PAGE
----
Photo courtesy of Twitter

Photo courtesy of Twitter

Welcome to “Some DAM good Advice,” the Farmington Flyers anonymous advice column. Each issue, we will be answering questions submitted by you—the students of UMF. No topic is off limits and submissions are greatly appreciated. If you would like to submit a question, please access the online form on the Farmington Flyer’s facebook page or visit www.somedamgoodadvice.weebly.com under the “about” section.

Q: My roommate and I have been best friends since we were kids. We were so excited to come to UMF together and we even ended up getting an apartment together this year. Unfortunately though, things have been weird ever since. She has a new group of friends and I always feel left out. She’s still my best friend, but it seems like we’re drifting apart and I hate that. How should I deal with this? Is there something I can do? Signed, Sad Friend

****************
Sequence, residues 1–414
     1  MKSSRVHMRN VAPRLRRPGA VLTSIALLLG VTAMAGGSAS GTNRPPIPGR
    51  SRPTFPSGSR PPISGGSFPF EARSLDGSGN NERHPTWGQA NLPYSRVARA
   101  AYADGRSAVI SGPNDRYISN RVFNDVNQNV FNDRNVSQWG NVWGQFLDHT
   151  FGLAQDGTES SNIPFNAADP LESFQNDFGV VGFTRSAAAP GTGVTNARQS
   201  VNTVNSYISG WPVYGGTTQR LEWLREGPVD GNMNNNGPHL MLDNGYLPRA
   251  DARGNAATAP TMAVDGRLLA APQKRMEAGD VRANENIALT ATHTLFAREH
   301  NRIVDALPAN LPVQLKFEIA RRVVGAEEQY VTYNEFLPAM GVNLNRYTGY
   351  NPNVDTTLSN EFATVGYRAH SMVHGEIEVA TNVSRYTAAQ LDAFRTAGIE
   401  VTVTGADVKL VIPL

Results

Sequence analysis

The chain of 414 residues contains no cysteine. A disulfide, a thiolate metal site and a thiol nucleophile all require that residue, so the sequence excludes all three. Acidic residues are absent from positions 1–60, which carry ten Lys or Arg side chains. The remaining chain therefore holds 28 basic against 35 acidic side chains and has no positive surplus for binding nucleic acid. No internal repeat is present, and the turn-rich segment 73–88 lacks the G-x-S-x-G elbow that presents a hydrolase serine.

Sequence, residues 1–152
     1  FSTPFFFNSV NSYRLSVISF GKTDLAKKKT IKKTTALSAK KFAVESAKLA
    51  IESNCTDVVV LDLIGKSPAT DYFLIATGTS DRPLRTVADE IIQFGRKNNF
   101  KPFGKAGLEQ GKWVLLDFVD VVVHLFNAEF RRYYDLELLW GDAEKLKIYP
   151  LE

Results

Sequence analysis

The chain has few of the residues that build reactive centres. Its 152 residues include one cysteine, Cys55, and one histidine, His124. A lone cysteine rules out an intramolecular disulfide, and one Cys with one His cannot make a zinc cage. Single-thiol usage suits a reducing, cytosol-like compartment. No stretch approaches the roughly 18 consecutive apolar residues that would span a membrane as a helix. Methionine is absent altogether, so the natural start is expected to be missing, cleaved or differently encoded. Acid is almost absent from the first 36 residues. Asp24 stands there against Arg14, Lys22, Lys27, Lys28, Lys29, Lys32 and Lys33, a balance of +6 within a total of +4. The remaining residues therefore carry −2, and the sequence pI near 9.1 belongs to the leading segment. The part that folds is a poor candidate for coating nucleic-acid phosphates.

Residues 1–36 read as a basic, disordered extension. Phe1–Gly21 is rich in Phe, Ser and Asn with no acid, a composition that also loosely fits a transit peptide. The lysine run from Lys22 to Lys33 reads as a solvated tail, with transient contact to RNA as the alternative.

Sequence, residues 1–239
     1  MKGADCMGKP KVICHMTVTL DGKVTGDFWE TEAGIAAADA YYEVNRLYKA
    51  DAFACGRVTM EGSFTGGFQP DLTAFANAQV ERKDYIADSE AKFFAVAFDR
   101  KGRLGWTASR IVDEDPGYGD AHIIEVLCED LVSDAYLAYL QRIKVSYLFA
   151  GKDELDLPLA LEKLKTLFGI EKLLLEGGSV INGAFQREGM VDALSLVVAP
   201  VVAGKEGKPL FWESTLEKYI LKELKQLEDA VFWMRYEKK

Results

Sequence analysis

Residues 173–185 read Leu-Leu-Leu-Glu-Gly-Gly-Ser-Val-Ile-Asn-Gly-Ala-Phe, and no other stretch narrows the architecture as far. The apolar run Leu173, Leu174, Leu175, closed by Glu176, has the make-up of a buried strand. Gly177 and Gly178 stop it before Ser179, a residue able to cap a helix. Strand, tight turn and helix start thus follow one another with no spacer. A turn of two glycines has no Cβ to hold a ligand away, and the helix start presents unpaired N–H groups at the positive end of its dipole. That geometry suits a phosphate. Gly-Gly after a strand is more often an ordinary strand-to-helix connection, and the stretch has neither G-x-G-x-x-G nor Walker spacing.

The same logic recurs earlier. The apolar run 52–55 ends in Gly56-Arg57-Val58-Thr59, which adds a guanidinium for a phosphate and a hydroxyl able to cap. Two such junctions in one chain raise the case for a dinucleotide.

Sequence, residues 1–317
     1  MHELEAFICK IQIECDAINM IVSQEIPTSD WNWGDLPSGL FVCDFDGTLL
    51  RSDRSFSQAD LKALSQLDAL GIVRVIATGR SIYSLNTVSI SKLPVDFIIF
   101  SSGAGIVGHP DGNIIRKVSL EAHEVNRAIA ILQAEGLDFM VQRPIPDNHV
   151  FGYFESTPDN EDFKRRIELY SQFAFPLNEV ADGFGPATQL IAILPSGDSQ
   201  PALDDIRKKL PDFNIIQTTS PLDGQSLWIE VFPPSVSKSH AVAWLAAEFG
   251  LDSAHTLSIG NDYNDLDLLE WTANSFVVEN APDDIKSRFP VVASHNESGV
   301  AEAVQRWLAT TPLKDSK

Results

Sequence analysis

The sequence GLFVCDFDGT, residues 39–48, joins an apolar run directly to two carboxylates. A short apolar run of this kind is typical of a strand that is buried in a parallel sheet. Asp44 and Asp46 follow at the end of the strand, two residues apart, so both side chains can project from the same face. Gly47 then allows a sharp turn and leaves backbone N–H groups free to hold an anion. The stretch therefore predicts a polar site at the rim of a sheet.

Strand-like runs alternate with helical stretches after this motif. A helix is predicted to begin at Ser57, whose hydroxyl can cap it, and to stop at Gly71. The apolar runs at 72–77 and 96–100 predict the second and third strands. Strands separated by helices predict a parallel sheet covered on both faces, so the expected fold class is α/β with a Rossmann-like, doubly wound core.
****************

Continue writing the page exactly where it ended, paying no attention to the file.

A: Well, Sad Friend, I think this may be one of the hardest questions we have ever received. It is always a little tricky giving advice to people when it comes to friendship – simply because different strategies work for different people. No matter what though, one of the strategies that remains constant and important for everyone is communication. Have you told your friend how you are feeling? We know that talking openly and honestly can be incredibly difficult, but you will feel much better once you have gotten this off your chest. It is quote possible that your friend does not realize that her actions are hurting you. However, I must say that as for her hanging out with a different group of people—that’s normal. As people grow and mature, they begin to find others with similar interests. People that have class together or share the same major tend to relate more to one another as they reach the end of school, bonding over the pressures and worries of what they will be facing in “the real world.” I guess what we’re trying to say is that it’s okay for people to grow apart. We know that it’s tough to hear, but trust us—it’s okay. Growing apart does not mean that you will never be friends again, just simply that that you might have to form a new, different type of friendship. And remember, different doesn’t mean bad.Like we said before, the best thing to do is to just sit down and tell her how you are feeling. You will be amazed at how receptive people can be when someone talks to them about something as sensitive as this. If this person is a true friend and they mean this much to you—don’t give up. If you’re coming from a place of caring and respect, they will listen to you. If they value the friendship as much as you do, they will be open to change. We hope everything works out for you and you friend. Good Luck!